The ECB raised rates last week (more info below) and are now at the highest level since the inception of the Euro at the turn of the century. To state the obvious, this represents a very different monetary backdrop to the one that was experienced since the financial crisis right through to 2022. The market had to contend with several ‘taper tantrums’ during that period (most notably in 2013 and Q4 2018) but rates are now firmly in positive territory across developed markets, and a negative interest rate environment is starting to feel like a distant memory. Even the ultra-loose Bank of Japan have conceded and moved to tighten policy.


 We have talked several times in recent years regarding the concept of ‘inflection points’ and the last 18 months are likely to be considered as a pivotal one in years to come. The impact on markets continues to unfold. Narratives such as higher mortgage rates, the depletion of excess savings in some countries – and the increase in others, the return of positively yielding bonds, the reduction of stock buybacks continue to inform our thinking and positioning here at Zurich.


We will be discussing some of the above at our in-person Retirement Conferences over the coming weeks and we hope many of you will be able to attend. Further details and registration is available here.


As always, if you wish to discuss anything in this newsletter in further detail, please do get in touch.


Weekly Investment News


The ECB raised rates by 0.25% on Thursday afternoon, which brought the headline deposit rate to a new historic high of 4.0%. Christine Lagarde and her colleagues will have to strike the right balance going forward as sticky inflation has to be weighed up against slowing economic growth. The market consensus is that the ECB will now pause hikes over the coming quarter. Core eurozone government bond yields finished the week up as markets digested the rate hike and accompanying commentary. Equities moved higher last week as the narrative of a ‘soft landing’ continues to hold the attention of market participants.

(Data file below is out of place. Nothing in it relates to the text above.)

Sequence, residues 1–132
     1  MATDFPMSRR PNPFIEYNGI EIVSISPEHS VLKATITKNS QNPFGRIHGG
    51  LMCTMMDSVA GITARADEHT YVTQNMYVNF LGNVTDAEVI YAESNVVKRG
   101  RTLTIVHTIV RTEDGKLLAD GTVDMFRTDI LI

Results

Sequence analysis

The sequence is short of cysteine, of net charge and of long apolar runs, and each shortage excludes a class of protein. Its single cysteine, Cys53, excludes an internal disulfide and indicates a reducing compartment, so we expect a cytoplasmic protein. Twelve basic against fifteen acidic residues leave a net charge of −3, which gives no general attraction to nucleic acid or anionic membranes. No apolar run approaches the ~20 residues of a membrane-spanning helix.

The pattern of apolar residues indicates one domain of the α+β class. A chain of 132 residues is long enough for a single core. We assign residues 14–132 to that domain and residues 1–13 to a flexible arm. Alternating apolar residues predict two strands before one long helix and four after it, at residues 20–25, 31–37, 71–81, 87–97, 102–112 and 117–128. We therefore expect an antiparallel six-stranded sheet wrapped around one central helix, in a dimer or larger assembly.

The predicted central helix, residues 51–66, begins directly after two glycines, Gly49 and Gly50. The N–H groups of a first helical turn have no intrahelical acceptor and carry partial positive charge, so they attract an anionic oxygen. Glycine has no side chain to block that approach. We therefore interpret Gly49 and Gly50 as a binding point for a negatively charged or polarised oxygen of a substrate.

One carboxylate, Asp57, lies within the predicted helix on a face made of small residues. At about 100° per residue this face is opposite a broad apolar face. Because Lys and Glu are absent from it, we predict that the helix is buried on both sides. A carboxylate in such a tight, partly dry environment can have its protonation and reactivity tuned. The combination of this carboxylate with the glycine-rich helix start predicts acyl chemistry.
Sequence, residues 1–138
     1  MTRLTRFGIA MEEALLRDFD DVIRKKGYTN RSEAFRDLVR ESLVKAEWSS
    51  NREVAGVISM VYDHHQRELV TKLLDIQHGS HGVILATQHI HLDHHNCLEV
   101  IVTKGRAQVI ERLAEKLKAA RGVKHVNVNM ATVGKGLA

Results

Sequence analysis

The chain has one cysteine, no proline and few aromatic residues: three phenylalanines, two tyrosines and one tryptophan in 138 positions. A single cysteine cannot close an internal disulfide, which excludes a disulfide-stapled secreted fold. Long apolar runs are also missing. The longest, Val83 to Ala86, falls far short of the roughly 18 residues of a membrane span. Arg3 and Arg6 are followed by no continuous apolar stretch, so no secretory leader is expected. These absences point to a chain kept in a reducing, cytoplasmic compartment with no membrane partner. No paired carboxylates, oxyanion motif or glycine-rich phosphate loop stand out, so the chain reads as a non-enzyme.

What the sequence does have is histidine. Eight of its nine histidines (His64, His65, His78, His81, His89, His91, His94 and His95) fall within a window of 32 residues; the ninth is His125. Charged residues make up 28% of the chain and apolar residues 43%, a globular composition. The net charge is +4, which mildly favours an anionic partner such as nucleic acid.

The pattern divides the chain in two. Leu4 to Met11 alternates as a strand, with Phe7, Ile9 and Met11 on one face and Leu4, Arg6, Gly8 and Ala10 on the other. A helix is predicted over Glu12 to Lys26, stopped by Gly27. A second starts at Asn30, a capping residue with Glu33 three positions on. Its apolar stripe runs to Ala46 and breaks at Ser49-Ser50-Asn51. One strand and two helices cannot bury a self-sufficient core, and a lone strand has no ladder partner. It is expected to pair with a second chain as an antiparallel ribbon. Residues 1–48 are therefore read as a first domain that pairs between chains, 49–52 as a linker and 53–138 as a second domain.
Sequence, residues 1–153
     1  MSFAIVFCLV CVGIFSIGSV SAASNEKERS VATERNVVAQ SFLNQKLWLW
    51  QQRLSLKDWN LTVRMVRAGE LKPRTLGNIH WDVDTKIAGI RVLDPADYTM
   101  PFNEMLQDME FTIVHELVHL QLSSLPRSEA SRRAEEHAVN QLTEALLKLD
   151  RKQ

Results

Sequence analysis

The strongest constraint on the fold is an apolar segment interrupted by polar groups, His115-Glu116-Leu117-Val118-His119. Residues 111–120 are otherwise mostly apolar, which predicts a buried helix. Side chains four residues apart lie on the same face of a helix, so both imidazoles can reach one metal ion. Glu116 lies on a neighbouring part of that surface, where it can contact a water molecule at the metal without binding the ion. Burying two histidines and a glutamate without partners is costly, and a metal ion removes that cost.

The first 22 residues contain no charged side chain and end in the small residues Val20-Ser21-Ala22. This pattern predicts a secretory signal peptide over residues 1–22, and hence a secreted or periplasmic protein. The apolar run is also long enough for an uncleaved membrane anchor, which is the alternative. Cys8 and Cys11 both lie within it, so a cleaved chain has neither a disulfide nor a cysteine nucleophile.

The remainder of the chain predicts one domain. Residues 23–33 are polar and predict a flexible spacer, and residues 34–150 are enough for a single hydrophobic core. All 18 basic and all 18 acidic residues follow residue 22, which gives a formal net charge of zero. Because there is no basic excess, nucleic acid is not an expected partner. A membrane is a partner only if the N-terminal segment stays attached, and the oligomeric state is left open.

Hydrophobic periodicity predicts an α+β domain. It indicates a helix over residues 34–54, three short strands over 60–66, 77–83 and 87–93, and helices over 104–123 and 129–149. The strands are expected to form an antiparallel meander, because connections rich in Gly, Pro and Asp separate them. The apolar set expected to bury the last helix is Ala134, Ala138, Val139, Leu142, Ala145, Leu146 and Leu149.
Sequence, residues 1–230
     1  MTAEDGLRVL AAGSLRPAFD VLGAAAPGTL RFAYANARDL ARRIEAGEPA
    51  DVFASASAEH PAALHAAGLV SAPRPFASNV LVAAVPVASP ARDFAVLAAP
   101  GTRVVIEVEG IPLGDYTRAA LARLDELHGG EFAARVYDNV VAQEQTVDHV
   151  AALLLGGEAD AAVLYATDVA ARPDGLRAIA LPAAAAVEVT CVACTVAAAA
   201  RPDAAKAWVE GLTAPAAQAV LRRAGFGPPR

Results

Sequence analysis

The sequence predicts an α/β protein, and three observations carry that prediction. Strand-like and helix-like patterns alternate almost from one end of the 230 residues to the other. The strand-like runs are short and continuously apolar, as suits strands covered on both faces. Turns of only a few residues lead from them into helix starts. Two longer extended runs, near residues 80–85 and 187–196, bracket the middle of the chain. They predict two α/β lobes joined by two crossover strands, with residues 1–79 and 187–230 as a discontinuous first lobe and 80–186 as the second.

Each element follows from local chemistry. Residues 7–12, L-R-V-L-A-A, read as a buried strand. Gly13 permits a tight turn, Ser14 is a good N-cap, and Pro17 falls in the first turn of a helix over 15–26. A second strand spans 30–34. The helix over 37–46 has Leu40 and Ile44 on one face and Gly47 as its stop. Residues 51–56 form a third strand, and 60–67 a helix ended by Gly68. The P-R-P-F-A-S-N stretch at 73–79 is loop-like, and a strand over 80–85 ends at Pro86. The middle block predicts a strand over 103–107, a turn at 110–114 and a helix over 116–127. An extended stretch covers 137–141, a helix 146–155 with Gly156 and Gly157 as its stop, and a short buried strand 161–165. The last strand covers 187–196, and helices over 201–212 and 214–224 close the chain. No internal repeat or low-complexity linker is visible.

In the US, inflation figures for August came in higher than expected with the headline figure rising from 3.2% to 3.7%. However, when volatile components (such as energy) are stripped out, the core figure moved from 4.7% to 4.3%. The bond markets didn’t move massively on the news, attributing much of the rise in the headline figure to higher oil prices as West Texas Intermediate hit $90 per barrel for the first time since last November. Overall large cap stocks outperformed although the world’s largest company, Apple, came under pressure following a lacklustre market response to their latest product launch. However, tech stocks were boosted on Thursday as the IPO of Arm Holdings (the biggest this year) was a success with the price surging 25% on its NASDAQ open.


There were mixed results elsewhere on the economic data front, as UK GDP fell 0.5% in July and the unemployment rate ticked up higher to 4.3%. On the other hand, Chinese retail sales and industrial production beat consensus expectations whilst the PBOC also loosened bank reserve requirements to boost liquidity.





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